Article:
podcasts of Danny’s music in the coming weeks.
Unfortunately, Lou, Gary and John have all passed away
in recent years. As Danny told me recently, “Just Us” is now “Just Me”.
But I have much of Danny’s recorded work with the band that I’m going to share with you in these podcasts.
There’s also some home recordings of Danny with our dear friend Chuck Domanico, recorded at Chuck’s
house in West Hollywood.
All in all, this is a fine collection of some very special music by a very good friend.
I met Danny over fifty years ago in the Chicago area and we became good friends. Together with Chuck,
Byron Olson, Bob Mitchell and Danny’s bass player at the time, Ray Neapolitan, we were a bunch of musicians and composers
who loved jazz and enjoyed sharing it with each other.
Today, Danny’s out in Arizona and plays a few nights
a week at the Remington with Judy Roberts and her husband, Greg Fishman; Byron is out in New York composing, orchestrating
and arranging for a variety of music projects, and playing piano as well. He’s still very much in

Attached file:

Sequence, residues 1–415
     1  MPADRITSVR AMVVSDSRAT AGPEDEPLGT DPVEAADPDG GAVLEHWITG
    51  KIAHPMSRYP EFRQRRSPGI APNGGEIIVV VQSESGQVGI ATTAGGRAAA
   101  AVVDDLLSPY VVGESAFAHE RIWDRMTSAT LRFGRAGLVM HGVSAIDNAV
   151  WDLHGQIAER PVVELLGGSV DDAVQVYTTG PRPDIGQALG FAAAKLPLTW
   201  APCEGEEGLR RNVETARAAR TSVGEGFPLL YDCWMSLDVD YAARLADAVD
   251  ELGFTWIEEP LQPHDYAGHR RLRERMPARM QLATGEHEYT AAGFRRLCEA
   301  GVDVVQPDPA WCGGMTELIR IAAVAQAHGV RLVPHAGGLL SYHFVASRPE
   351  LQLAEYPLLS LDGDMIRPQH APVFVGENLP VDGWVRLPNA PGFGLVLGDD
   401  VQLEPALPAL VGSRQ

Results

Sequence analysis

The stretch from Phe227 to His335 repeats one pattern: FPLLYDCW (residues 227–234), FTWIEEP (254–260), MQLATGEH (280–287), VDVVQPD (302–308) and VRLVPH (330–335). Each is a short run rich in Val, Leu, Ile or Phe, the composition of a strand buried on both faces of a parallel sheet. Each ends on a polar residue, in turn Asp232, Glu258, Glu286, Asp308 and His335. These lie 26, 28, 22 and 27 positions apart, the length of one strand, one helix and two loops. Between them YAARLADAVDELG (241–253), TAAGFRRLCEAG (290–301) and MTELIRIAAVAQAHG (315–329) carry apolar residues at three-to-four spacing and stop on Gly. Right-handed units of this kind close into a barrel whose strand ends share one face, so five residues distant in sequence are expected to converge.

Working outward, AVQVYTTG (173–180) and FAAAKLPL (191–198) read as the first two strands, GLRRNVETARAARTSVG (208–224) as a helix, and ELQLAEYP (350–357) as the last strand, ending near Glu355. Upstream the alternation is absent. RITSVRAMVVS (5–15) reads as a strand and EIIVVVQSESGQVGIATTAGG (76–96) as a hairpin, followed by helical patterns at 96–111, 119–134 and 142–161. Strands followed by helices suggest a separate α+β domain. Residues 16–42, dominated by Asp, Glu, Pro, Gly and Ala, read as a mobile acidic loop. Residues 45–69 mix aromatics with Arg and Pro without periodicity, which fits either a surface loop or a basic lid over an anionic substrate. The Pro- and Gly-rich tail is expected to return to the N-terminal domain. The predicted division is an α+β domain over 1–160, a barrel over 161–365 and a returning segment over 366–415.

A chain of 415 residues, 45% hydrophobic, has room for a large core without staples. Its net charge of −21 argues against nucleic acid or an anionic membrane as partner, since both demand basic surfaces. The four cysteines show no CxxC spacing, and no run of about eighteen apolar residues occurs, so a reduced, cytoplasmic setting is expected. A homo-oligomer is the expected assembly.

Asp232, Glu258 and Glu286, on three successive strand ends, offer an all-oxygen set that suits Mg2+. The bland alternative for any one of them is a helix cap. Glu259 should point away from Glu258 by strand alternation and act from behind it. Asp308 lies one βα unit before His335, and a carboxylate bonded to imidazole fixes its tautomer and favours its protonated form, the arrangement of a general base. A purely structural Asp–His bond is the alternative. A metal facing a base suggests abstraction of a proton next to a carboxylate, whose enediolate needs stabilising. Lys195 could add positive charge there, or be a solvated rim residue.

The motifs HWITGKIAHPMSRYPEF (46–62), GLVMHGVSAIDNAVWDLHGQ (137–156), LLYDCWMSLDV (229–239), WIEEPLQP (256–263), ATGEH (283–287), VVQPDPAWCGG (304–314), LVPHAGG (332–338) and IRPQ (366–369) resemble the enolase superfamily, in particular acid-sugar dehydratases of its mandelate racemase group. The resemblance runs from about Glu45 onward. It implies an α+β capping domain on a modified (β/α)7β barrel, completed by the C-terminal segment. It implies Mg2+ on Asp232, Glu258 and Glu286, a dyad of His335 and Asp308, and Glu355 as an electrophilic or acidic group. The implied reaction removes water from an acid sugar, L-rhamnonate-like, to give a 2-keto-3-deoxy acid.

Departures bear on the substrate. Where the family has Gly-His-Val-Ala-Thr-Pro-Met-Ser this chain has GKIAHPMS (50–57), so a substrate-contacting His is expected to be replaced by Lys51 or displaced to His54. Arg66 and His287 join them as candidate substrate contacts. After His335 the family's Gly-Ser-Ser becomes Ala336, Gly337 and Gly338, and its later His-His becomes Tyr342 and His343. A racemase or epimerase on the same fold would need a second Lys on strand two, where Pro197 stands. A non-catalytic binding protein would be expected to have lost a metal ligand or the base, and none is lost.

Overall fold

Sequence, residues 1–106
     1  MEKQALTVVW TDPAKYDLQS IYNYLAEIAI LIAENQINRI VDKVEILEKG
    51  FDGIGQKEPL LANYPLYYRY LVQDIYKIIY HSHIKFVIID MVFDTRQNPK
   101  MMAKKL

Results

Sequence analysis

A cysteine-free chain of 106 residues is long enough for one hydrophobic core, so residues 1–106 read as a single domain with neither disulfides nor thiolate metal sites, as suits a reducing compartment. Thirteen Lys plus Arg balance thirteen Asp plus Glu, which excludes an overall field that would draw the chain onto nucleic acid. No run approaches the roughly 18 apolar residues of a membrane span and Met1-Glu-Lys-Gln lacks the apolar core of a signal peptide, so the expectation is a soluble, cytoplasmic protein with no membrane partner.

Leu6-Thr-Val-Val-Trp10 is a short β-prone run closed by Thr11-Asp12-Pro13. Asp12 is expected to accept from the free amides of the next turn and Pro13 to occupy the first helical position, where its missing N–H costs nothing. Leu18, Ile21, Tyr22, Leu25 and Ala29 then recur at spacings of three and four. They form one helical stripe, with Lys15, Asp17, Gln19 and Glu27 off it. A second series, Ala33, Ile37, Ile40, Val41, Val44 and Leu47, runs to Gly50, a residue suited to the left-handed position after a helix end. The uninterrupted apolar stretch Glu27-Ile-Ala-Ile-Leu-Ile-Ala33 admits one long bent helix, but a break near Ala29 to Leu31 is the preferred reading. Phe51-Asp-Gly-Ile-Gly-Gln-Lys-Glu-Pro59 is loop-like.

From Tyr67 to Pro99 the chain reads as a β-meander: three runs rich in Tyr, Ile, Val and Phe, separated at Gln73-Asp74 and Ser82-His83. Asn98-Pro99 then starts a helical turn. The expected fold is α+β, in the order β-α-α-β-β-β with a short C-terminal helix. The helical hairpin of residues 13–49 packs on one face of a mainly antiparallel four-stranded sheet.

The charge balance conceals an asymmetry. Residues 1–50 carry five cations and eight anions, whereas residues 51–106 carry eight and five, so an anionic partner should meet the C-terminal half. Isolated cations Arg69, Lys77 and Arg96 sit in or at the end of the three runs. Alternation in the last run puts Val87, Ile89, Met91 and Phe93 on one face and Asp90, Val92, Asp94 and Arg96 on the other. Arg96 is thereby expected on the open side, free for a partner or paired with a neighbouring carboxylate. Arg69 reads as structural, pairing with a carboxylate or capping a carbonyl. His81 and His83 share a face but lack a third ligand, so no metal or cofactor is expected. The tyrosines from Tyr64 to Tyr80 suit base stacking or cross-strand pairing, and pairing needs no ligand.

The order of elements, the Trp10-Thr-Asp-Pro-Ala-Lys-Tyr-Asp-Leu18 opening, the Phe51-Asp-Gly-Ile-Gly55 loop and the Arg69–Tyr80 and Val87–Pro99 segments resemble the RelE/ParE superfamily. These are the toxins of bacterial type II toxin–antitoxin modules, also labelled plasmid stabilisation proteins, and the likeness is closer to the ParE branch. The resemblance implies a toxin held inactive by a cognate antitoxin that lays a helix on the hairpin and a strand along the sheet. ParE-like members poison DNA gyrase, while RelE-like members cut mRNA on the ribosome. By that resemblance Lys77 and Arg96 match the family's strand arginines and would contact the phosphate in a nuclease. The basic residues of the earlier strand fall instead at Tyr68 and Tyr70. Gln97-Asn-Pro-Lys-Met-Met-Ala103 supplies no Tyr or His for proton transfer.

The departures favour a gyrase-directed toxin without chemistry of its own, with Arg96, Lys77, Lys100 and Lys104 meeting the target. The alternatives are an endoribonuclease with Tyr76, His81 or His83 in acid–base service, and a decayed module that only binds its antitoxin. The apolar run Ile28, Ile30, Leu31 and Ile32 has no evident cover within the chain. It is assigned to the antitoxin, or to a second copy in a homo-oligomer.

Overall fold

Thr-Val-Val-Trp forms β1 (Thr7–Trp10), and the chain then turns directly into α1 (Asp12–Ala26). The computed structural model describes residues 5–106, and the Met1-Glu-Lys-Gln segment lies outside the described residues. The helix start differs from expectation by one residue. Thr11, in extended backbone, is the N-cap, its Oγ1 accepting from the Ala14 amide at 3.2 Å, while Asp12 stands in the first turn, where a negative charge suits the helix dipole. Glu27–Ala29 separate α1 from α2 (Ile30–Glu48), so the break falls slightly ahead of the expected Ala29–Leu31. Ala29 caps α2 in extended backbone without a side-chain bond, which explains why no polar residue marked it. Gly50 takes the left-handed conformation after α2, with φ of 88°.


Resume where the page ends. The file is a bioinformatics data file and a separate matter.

demand; Ray is still out in California. I saw him last in 2002 at Chuck’s memorial
service; and Bob Mitchell is out in Maine.
Even though the years have taken each of us down different
paths, we still remember those days with great fondness. It was a coming of age time for all of us and
we were like sponges, absorbing all things music. I’m still very much that way today, maybe more
so. I know the same is true for Byron from the many conversations we still have, and the music we still
I know all of you who read this blog regularly will enjoy these podcasts. I
felt the need to share Danny’s music with all of you, not so much because he’s my friend, but because it’s
just damn good music. Enjoy!
I’m continuing my reading about Ruth Crawford Seeger
and the Ultra Moderns. I’m also reading a collection of essays and lectures by composer Elliott Carter.
The one that stands out is also about the Ultra Moderns, which was a treat to discover. It adds
a lot of additional information to what I’m already learning from Joseph Straus’s books.
recordings of some of the Ultra Modern composers and have ordered them online. I’m anxious to hear
the music I’ve been reading about. It’s interesting that the ideas and approaches they took
were very similar to what the second Viennese school was taking in the 1920’s and 1930’s. For
me, it is clearly a school of musical thought that I want to know more of, so I can relate it to what I’m doing.
here in the Chicago area, we’ve come out of the deep freeze and are enjoying temps just above the freezing mark.
Hey, it’s an improvement we can feel. 35° is a lot better than 10° any day of the